Year eight pupils at Bridlington School were asked to "imagine that you are a parent of one of the Manchester bombing victims. Write a response to the point of view that "All terrorists should be forgiven."
Screenshots sent to The Yorkshire Post of the homework app, Show My Homework, suggest it was set for a PSHE lesson.
A parent of a 12-year-old pupil at the school first saw the homework being circulated on social media and believed it was a "hoax."
She said she was "shocked" when she checked her daughter's homework app and saw it had been set on December 16.
The mum-of-four said: "I I honestly didn't believe it. I thought it must be a hoax. I thought someone must have made it as a prank on the teacher.
"I was just in complete shock. It's just wrong. I normally can't fault the school but how could the teacher think this is appropriate? It's not normal."
She added: "My daughter is quite tough but she said she can't bear to think about how the parents feel. It's hard for anyone to imagine that - especially 11 and 12-year-olds.
"It happened so recently. I remember my daughter even wanted to go to the concert but we couldn't get tickets.
"There are children at the school who went to the concert or who have been affected by it. It was only two years ago. It is still so raw.
"As parents, we are trying to protect our children but this homework will cause them significant emotional harm.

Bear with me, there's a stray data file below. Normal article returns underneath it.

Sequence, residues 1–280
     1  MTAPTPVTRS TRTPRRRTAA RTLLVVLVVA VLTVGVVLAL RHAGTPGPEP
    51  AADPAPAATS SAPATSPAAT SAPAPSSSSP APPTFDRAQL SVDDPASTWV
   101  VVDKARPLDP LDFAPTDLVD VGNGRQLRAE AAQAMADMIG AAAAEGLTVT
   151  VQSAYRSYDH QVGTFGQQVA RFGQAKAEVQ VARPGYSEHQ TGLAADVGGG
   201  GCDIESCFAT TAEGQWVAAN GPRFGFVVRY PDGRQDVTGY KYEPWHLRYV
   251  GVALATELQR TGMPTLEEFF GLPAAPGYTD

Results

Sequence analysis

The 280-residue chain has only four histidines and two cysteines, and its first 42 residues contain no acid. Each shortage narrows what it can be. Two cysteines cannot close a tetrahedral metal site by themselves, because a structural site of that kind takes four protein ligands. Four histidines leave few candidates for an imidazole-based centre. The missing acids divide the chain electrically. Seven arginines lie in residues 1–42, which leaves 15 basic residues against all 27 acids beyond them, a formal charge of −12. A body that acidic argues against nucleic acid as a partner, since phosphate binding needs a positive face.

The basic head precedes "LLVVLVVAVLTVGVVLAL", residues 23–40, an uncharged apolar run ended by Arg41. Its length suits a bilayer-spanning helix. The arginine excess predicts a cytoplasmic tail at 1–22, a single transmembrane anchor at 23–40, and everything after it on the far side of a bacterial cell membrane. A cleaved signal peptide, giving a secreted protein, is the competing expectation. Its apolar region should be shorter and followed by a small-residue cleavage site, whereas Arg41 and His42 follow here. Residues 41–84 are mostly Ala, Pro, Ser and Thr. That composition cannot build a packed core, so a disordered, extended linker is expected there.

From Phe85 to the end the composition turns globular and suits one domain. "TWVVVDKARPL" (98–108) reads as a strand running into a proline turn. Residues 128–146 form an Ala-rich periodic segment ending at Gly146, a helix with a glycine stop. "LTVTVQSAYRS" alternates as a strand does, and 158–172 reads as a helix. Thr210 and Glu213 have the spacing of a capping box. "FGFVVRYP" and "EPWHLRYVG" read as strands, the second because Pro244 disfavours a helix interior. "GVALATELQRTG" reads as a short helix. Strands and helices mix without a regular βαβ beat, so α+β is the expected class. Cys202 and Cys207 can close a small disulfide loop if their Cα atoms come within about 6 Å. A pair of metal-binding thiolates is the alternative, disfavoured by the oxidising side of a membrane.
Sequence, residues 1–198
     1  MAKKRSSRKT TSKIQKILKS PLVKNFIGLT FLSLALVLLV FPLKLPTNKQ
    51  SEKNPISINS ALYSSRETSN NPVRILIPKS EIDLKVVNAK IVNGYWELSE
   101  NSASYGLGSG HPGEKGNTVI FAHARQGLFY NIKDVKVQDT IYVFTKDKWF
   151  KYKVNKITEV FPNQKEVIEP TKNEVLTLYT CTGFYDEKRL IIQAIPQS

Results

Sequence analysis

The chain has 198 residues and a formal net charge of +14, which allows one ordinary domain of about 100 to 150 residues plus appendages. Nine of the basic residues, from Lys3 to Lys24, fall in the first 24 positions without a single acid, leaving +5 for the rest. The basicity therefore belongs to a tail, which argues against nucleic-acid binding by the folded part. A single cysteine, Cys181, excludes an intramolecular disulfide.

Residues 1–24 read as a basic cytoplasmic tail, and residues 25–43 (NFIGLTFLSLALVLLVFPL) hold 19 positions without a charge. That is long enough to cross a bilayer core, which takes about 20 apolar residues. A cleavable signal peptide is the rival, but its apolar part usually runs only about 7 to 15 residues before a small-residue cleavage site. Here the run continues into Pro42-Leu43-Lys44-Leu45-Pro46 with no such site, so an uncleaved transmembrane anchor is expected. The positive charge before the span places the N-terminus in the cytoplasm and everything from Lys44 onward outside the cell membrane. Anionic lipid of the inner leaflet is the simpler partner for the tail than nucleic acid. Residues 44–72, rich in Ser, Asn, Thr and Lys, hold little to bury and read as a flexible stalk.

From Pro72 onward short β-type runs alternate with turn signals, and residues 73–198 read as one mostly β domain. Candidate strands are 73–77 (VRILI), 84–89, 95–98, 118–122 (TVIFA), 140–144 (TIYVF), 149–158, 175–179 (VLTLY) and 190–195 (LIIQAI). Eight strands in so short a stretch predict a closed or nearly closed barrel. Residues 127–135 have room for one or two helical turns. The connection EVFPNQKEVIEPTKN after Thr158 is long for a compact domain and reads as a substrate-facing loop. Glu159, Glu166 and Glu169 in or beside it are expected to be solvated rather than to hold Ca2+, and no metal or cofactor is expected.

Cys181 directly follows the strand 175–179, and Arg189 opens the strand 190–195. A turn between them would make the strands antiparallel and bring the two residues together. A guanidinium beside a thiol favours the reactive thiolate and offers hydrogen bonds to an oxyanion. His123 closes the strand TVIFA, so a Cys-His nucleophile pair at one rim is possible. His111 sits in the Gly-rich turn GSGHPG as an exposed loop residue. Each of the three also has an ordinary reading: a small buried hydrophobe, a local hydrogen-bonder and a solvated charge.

"My daughter certainly won't be spending her Christmas doing this homework."
Another mother with two children at the school said: "I think it is disgusting and morally wrong.
"A lot of parents have emailed the school and are waiting for a response. We are all disgusted and upset that this has been set as a homework
"I am 39 years old and could never comprehend losing a child, especially in such a horrific way, never mind then thinking about forgiving the terrorist.
"How on earth did this teacher think this was appropriate?"
In total, 23 people died at the terror attack at the Manchester Arena in May 2017 when Salman Ramadan Abedi detonated a suicide bomb after a Ariana Grande concert, while 139 were wounded. More than half of the injured were children.
Bridlington School headteacher Kate Parker-Randall said: “Firstly I would like to apologise for any upset that this piece of work may have caused.
"The essay was set as part of a personal, social, health and economic education (PSHE) lesson which was considering the consequences of crime and the aims of different punishments.
"It followed a discussion in class about a newspaper report that the mother of one of the victims of the Manchester Arena attack had forgiven the bomber for killing her son.
"The essay was intended to allow students to formulate their own views about whether hate or forgiveness are the best response to even such terrible crimes.
"I would like to reassure parents, pupils and the community that the feelings aired on social media were totally unintentional consequences of setting this homework, however, I do understand that some people may find it difficult to understand why a school would ask students such a challenging question.
"It is important that students should be able to express their own thoughts and give reasons for their feelings.
"However, having reflected on the matter we would in hindsight have posed the homework question in a different way.”